CF George, who waged a losing battle for pure water in Guruvayur, is no more

CF George, who waged a losing battle for pure water in Guruvayur, is no more

George Mash, as he was lovingly called, was a retired government school teacher and tireless activist.

Almost 13 years have passed since the priests of the famed Sree Krishna temple at Guruvayur in Kerala had conducted punyaham — a cleansing ritual by water — following the entry of Mercy Ravi, the wife of then Union minister for non-resident Indian affairs Vayalar Ravi, on the temple premises.

Married to a devout Hindu, Mercy was born a Christian. The upper-caste Hindus in Kerala believed sighting of the deity by a non-Hindu would pollute the Krishna idol in the temple. Only several baths could rid the shame, goes the belief.

A day after the punyaham created headlines in Malayalam media, I got a telephone call from Guruvayur. The person on the other side introduced himself as CF George, also called George Master, a retired school teacher, environmentalist and the only surviving Trotskyist in Kerala.

Back then I was the Kerala correspondent of news weekly Tehelka.

The older man had a humble request. He wanted me to make a quick trip to Guruvayur. He reminded me of the Punyaham controversy and how the Malayalam media was treating it. I told him that everything about the controversy has already appeared in newspapers and nothing more to write about.

He told me he was not insisting I write on Punyaham. Instead, he spoke of a test conducted by the Environmental Engineering Laboratory of Thrissur’s Government Engineering College on samples of water collected from the temple. The water used in the temple, including cleansing rituals, was swarming with human excreta and all kinds of organic waste, he cited the report of the study.

At his request, I reached Thrissur by train. George took me in his old car from the railway station to Guruvayur. He gave me a copy of the study report.

The water in the temple tank was found to have about 1,100 coliforms per 100 millilitre (known as most probable number or MPN). Coliform is a bacteria found in human excreta. Even now, the Central Pollution Control Board’s permissible MPN for drinking water is 50 and 500 for bathwater.

Another critical indicator of purity, the biochemical oxygen demand (BOD), was estimated at 22.8 milligram per litre. The permissible level is two-three milligram per litre.

He took me to Chakkamkandam village adjoining the temple. It was a journey that I will not forget.

Chakkamkandam had a backwater region, and all the 110-odd lodges and an equal number of marriage halls run by private individuals and the Guruvayur Devaswom Board had made Chakkamkandam backwaters their septic tank.

Even the well-known restaurants in the temple town lacked septic tanks to process excreta and organic waste. So, they released their filth into the Chakkamkandam backwaters. Soil contamination caused by such a criminal action had even polluted the temple tank water, but the devotees were unaware of that.

I entered Chakkamkandam with my nostrils firmly closed with my fingers. George said he was fighting a losing battle for the entire system — for the poor and underprivileged people of Chakkamkandam, the Hindus, the Christians and the Muslims. All the waste generated in Guruvayur was being released into what used to be a rain-water drainage system, leading to the Chakkamkandam backwaters.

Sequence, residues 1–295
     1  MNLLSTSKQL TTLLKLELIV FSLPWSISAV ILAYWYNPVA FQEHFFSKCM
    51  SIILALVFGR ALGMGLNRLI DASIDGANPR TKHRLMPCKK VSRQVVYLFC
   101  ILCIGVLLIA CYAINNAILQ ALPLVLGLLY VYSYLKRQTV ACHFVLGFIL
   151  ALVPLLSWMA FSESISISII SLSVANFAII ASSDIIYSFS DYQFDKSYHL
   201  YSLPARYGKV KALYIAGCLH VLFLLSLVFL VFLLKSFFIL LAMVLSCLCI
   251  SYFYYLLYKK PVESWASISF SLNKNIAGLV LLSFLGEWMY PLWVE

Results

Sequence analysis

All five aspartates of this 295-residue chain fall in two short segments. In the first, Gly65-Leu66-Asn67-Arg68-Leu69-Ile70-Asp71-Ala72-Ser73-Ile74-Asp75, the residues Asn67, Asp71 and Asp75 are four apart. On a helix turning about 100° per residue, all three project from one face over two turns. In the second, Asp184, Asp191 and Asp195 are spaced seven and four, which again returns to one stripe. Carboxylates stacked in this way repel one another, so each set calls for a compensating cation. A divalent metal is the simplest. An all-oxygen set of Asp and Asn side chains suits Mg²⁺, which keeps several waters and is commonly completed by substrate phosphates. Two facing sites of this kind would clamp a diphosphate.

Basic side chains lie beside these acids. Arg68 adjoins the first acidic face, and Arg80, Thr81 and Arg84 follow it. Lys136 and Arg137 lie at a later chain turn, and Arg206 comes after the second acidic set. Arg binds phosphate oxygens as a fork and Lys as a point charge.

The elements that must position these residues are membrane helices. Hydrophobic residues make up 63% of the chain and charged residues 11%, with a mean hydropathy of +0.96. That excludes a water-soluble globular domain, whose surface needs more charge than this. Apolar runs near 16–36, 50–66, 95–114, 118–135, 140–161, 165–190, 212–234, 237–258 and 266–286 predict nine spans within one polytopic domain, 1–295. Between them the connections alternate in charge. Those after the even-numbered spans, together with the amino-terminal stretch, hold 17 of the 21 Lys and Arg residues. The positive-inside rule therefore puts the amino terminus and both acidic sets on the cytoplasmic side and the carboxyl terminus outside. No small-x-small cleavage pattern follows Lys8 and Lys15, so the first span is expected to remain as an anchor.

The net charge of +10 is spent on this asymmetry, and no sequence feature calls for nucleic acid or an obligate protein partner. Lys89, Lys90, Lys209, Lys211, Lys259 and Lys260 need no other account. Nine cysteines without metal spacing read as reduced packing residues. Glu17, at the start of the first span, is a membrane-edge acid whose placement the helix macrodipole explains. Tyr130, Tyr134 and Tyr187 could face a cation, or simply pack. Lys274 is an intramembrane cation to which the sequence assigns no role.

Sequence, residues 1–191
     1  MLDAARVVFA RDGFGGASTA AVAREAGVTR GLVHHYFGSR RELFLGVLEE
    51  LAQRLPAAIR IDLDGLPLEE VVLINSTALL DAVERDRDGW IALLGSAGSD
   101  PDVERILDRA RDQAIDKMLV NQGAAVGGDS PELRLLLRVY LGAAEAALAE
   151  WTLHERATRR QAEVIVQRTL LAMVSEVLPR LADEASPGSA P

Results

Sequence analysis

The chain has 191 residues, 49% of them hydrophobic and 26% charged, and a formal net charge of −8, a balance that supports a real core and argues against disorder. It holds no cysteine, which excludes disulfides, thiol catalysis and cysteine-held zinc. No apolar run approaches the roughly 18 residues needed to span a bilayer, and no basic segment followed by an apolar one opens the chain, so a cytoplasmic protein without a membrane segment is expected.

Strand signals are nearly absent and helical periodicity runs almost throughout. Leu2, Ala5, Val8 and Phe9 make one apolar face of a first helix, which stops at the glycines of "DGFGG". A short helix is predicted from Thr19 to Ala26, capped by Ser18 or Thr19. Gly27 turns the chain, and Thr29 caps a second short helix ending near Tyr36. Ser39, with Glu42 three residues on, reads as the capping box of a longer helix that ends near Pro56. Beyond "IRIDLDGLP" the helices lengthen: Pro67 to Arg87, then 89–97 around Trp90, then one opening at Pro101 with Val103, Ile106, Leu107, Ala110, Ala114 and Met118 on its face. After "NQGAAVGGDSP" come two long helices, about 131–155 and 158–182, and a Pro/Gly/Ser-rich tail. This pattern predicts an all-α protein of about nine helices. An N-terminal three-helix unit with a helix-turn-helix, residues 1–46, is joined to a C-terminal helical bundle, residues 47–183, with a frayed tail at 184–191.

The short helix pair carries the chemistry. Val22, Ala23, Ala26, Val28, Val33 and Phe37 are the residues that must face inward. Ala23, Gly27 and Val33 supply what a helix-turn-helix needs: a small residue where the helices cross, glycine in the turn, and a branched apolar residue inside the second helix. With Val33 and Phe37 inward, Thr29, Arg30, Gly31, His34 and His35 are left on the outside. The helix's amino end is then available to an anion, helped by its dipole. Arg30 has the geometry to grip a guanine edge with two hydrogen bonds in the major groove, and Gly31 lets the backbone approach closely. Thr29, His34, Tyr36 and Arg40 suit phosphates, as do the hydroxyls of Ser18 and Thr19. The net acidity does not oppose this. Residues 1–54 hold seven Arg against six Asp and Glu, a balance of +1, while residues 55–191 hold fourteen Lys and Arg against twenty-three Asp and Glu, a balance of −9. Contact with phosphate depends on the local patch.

I accompanied him to meet several people with respiratory problems and skin diseases due to exposure to the water and air pollution caused by the waste from the temple city. There were over 1,500 families, most of whom are dependent on the backwaters for their livelihood, be it fishing or coir making.

George Mash (an endearment for master) told me the authorities were mistreating the natives of Chakkamkandam, an area that within the coastal regulatory zone.

He introduced me to KV Rugmini, a devotee of the temple, who said her house was too close to the drain and her children felt nauseated all the time.

He also introduced me to Puthuveetil Amina, who lived alone in her old house situated right in front of the drain. The water in her well, too, was not potable, she said. She was forced to drink it because she had no access to the municipal supply.

No one bought fish from the region anymore, said Manikantan, who used to sell fish from the backwaters. The fish workers of the region had moved to other livelihoods following skin diseases caused by the contaminated water.

Human excreta was seen floating everywhere in the Chakkamkandam backwaters. The scale of pollution in the region was so high that I even refused to drink the coconut water offered by an affected family.

After spending a few hours there, I started feeling nauseated. I told Mash that we need to return quickly.

On reaching Thrissur, he told me the whole political leadership and media in Kerala had ignored the Chakkamkandam struggle. They feared that highlighting it would upset the sentiments of the devotees.

I wrote a detailed story in Tehelka based on the visit. Unfortunately, no link to the article is available on the magazine’s new website.

Chakkamkandam remains a burning issue but I cannot gather the confidence to go back to the village. I never met George Mash again. Today I read in a Facebook post that he passed away on June 21, 2021.

After his long association with the mainstream communist movement of Kerala, Mash turned the earliest convert to Trotskyism from the state. He worked as a high school teacher at the Government Higher Secondary School in Chavakkad near Guruvayur for a long time. Still, his social life included politics, literature, acting and activism.

He has had brief stints in Malayalam theatre, cinema and television. The lone Trotskyist of Kerala is gone. Chakkamkandam now looks orphaned.

Down To Earth